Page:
Nelson's Pillar. Written on the Beach at Yarmouth on a stormy Evening.

Literary Gazette, and Journal of the Belles Lettres (1 August 1818) 490-91.

Rev. George Croly

Two Spenserians on Admiral Horatio Nelson (1758-1805), the hero of Trafalgar. The poem, originally anonymous, was much revised for George Croly's Poems (1830). The version of the poem republished in Angel of the World (1820) is considerably toned down.

Lord Byron to John Murray: "Pray send me no more poetry but what is rare and decidedly good. There is such trash of Keats and the like upon my tables, that I am ashamed to look at them. I say nothing against your parsons, your Smedleys and your Crolys: it is all very fine; but pray dispense me from the pleasure, as also from Mrs. Hemans" 12 September 1820; in Letters and Journals ed. Prothero (1898-1901) 5:92-93.

There is a gloomy splendour in the Sun,
That levels his last beam along the shore;
The clouds are gathering o'er the Ocean, dun,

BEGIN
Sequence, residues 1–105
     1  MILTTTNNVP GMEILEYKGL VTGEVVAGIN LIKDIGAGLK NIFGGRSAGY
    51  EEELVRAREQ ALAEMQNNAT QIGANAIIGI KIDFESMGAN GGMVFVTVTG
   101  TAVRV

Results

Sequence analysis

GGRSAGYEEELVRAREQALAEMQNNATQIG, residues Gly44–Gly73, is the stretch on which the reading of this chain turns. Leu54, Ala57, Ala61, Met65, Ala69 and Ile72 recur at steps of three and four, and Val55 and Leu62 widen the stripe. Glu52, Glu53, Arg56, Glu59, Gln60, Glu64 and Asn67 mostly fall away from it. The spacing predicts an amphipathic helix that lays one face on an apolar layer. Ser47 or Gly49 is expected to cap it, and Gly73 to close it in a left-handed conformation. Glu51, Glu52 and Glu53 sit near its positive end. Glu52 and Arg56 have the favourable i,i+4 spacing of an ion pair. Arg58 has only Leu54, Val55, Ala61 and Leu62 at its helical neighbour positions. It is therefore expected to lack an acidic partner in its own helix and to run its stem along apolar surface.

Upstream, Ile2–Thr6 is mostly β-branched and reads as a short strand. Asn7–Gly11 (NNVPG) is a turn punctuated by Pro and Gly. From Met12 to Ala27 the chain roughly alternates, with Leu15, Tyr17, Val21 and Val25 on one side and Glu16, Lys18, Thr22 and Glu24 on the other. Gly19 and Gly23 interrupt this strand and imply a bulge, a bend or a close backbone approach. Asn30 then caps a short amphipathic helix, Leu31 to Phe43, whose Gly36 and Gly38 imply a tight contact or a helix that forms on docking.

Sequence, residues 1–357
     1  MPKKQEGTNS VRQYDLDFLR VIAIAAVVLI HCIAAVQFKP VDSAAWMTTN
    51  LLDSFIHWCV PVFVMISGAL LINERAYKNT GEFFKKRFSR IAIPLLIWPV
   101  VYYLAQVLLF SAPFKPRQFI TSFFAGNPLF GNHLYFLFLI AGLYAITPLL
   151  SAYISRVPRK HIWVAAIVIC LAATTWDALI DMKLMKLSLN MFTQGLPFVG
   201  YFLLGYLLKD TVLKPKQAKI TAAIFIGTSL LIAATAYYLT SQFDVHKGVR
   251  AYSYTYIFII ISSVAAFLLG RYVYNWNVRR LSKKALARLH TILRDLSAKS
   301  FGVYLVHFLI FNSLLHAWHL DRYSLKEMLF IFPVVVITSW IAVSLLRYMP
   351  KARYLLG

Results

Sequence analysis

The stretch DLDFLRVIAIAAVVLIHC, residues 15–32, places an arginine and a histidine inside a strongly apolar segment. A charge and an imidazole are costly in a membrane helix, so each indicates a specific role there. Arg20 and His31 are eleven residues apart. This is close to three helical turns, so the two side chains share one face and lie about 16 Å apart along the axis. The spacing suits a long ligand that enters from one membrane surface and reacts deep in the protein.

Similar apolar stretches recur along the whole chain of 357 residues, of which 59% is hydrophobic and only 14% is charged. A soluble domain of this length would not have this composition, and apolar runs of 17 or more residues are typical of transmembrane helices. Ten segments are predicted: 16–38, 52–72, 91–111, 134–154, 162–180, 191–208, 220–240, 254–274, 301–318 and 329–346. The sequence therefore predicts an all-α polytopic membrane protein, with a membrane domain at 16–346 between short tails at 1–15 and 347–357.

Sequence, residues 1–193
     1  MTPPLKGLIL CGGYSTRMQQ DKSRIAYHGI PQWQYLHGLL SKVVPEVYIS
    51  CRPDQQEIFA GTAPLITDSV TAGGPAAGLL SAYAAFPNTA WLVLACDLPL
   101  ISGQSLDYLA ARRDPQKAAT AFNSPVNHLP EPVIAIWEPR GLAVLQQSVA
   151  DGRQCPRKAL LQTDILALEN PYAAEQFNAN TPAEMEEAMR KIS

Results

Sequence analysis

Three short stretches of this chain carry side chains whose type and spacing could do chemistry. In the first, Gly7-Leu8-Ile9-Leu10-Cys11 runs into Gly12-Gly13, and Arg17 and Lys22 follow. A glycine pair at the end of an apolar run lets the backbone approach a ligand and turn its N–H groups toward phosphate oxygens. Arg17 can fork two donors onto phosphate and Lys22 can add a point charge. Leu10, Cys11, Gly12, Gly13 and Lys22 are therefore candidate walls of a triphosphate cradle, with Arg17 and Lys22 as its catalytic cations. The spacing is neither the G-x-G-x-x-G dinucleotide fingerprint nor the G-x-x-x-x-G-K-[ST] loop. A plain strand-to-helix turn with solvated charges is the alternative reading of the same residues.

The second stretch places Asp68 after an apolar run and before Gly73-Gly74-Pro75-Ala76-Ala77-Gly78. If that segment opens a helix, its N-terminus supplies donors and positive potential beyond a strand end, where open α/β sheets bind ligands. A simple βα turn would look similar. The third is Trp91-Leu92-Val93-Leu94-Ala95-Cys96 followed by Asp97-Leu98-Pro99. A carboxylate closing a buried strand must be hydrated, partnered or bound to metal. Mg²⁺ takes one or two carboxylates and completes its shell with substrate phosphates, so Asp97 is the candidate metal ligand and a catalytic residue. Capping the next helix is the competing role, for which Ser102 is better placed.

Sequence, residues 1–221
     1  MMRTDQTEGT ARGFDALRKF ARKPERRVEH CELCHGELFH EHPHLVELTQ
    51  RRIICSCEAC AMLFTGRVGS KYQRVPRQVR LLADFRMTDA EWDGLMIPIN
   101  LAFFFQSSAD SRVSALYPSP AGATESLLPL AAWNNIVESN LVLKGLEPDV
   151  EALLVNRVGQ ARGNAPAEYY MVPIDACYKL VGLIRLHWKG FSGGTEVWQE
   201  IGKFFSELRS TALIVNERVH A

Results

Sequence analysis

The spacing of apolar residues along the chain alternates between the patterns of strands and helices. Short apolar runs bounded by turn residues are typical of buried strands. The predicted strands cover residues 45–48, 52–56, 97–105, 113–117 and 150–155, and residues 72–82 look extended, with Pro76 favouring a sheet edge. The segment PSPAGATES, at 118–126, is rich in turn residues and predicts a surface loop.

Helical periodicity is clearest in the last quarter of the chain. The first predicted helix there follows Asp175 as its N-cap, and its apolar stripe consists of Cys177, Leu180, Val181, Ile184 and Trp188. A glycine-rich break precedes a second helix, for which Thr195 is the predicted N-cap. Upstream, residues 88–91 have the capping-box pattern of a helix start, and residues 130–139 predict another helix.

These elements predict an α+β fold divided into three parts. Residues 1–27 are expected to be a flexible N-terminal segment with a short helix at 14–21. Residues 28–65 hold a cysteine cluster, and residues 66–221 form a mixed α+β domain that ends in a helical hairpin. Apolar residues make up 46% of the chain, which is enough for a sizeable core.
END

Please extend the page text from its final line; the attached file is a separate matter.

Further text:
And stain'd with crimson streaks, like new-shed gore
On some broad field of battle; and the roar
Of wave and wind comes like the battle's sound.
From the Sea's verge a Column seems to soar,
A shaft of silver, on whose summit, wound
With golden beams, sits Britain's Image thron'd and crown'd.

And now the Sun sinks deeper, and the clouds,
In folds of purple fire, still heavier lour;
'Till sudden Night the shore and Ocean shrouds;
But thro' the tempest gleams that stately tow'r,
A giant height, on which the Sun-beams show'r
Their undiminish'd glories. NELSON's name
Is on the pillar. — Thus the stormy hour,
The clouds of battle, shew'd his spirit's flame,
Brighter and broader. — Thus shall blaze the Hero's fame.

[pp. 490-91]